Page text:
SMALL PRESS REVIEWS AND CEREBRATING LIFE'S LITTLE WONDERS
Friday, January 24, 2014
Best Graphic Novel of 2013 -- Charles Forsman's THE END OF THE FUCKING WORLD
The End of the Fucking World (TEOTFW)
(Charles Forsman; Fantagraphics)
TEOTFW will break you.
It's easy to conjure up sobs of false sentimentality when thinking about this book, but it's not in its heart one of those “look upon this horror” or “there but for the grace of God”. This is a bildungsroman of the narcissist, psychotic, detached. It is the psychic havoc of the perpetually doomed; the coming of age story of those striding forth into world where the connection between cause and effect is a spectator sport, where emotional content is gauged by “hits” and the chance to go viral.
TEOTFW is a dispassionate presentation of dispassionate times peopled with dispassionate individuals, and therein lies its passion. It's hard not to be moved by the immovable, as we are humans and, as much as we would prefer otherwise, we care.
It's a love story between a young girl who loves too much and a young boy who can't love at all. It is an indictment as much as an embrace. Remember Romeo's conception of unrequited love? “O brawling love! O loving hate! O anything of nothing first create!” Forsman uses the Petrarchan conceit covertly to examine our ultimate longing to be part of something outside of ourselves.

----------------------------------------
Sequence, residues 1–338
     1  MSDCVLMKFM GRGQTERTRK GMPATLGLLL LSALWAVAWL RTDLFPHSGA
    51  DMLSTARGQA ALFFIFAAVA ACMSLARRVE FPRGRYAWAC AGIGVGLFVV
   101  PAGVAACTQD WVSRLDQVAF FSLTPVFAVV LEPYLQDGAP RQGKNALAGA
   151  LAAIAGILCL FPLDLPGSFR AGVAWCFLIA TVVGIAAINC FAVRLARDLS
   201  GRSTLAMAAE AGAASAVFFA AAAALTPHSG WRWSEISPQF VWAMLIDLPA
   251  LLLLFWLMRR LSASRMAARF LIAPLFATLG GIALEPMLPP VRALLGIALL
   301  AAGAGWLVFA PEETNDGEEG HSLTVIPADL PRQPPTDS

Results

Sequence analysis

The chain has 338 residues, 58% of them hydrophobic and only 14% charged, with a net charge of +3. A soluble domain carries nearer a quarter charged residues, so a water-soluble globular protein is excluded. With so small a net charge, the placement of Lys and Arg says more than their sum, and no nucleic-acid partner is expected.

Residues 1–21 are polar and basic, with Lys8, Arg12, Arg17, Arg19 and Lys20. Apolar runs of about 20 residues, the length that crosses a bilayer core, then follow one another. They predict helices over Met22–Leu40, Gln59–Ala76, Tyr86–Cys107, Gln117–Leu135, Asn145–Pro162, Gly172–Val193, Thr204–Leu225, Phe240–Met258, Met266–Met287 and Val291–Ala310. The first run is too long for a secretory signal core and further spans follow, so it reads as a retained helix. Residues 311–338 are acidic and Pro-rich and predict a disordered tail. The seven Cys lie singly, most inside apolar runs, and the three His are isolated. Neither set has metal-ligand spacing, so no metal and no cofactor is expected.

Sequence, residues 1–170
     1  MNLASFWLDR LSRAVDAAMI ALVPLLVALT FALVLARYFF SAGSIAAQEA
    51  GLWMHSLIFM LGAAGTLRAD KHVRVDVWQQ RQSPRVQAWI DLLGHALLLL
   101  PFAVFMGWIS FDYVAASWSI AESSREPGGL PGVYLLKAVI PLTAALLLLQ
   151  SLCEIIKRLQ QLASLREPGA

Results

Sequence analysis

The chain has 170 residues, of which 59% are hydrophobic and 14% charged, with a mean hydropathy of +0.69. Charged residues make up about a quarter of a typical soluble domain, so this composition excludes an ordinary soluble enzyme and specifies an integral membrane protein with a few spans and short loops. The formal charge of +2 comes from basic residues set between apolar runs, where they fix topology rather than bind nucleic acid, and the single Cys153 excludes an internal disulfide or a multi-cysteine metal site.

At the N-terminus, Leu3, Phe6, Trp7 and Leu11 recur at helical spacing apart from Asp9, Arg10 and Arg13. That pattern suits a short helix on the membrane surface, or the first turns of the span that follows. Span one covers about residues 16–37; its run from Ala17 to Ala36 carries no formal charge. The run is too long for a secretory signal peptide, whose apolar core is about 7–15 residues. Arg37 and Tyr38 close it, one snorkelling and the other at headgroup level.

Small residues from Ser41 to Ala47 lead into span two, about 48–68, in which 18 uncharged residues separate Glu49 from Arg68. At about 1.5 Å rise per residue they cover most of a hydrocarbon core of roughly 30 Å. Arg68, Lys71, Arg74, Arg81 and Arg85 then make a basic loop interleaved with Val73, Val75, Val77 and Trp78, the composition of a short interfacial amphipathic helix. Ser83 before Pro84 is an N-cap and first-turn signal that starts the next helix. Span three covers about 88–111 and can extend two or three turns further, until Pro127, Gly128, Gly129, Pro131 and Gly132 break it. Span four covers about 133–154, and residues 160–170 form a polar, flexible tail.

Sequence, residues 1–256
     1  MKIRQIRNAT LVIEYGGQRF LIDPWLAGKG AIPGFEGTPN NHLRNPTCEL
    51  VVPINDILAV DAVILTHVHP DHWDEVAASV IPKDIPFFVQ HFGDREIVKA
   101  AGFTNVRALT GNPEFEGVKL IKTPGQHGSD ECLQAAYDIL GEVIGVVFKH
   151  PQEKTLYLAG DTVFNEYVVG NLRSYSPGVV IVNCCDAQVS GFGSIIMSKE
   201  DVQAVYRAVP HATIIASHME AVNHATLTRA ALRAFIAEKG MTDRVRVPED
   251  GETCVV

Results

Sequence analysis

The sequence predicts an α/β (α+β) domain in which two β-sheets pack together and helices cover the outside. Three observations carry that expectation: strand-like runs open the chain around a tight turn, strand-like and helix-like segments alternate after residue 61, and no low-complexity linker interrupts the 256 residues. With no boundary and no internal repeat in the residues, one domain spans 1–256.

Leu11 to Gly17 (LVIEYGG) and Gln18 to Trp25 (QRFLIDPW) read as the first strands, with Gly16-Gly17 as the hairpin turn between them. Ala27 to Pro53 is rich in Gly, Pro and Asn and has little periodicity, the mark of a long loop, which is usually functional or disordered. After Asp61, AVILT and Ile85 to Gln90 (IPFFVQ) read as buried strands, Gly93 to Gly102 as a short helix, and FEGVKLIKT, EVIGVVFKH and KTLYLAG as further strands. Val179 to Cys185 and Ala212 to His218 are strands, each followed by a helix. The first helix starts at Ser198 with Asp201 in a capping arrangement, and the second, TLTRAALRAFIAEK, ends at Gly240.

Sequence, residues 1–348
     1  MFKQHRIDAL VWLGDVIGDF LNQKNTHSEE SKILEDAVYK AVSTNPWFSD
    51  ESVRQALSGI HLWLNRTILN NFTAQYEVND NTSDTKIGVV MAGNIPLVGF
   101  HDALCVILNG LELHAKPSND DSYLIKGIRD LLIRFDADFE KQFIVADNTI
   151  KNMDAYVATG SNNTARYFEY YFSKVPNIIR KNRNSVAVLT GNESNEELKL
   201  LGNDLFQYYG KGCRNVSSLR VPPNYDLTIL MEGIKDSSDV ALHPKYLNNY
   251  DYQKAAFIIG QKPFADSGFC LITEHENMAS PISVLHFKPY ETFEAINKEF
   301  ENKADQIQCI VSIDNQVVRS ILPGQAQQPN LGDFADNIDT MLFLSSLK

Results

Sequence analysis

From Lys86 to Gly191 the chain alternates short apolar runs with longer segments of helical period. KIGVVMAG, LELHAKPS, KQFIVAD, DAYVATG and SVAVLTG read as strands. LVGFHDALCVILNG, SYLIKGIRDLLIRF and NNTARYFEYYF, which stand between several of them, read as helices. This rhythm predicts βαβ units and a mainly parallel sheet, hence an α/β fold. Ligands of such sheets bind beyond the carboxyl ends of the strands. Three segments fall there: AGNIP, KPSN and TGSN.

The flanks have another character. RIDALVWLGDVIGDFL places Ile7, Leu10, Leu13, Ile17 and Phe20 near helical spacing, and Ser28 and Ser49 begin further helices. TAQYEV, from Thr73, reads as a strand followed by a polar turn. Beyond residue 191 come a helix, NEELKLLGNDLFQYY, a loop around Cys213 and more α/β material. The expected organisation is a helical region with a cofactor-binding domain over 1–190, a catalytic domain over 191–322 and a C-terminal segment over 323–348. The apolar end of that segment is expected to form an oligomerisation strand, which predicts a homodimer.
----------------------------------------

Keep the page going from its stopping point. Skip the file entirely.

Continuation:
And it will break you.
Through narrative tricks of dueling perspectives and his clean, minimalist lines, Forsman muffles his hard screaming and, in so doing, makes you lean in to hear what he is saying. In a world of gray areas, what is brought forth when you communicate in the clarity of black and white? There's a morality at work in this book, but you have to confront your own conceptions first before you can take on this message.
In the wake of the work of Adam Lanza and Anders Breivik and James Holmes, The End of the Fucking World serves as the beginning of a larger discussion. Where is the break? What is the justice? How can we understand? Forsman has no answers, really, but in the calmness that effuses these pages, he allows us to be in a moment – there – and through this act of text reading the reader, comprehension of self and selves unfolds.
And it will break you.
Then, once broken, you can reform by examining the edges of every piece before deciding what the whole will finally reveal. TEOTFW's power lies in what comes next, as much as it does in what we have already been through.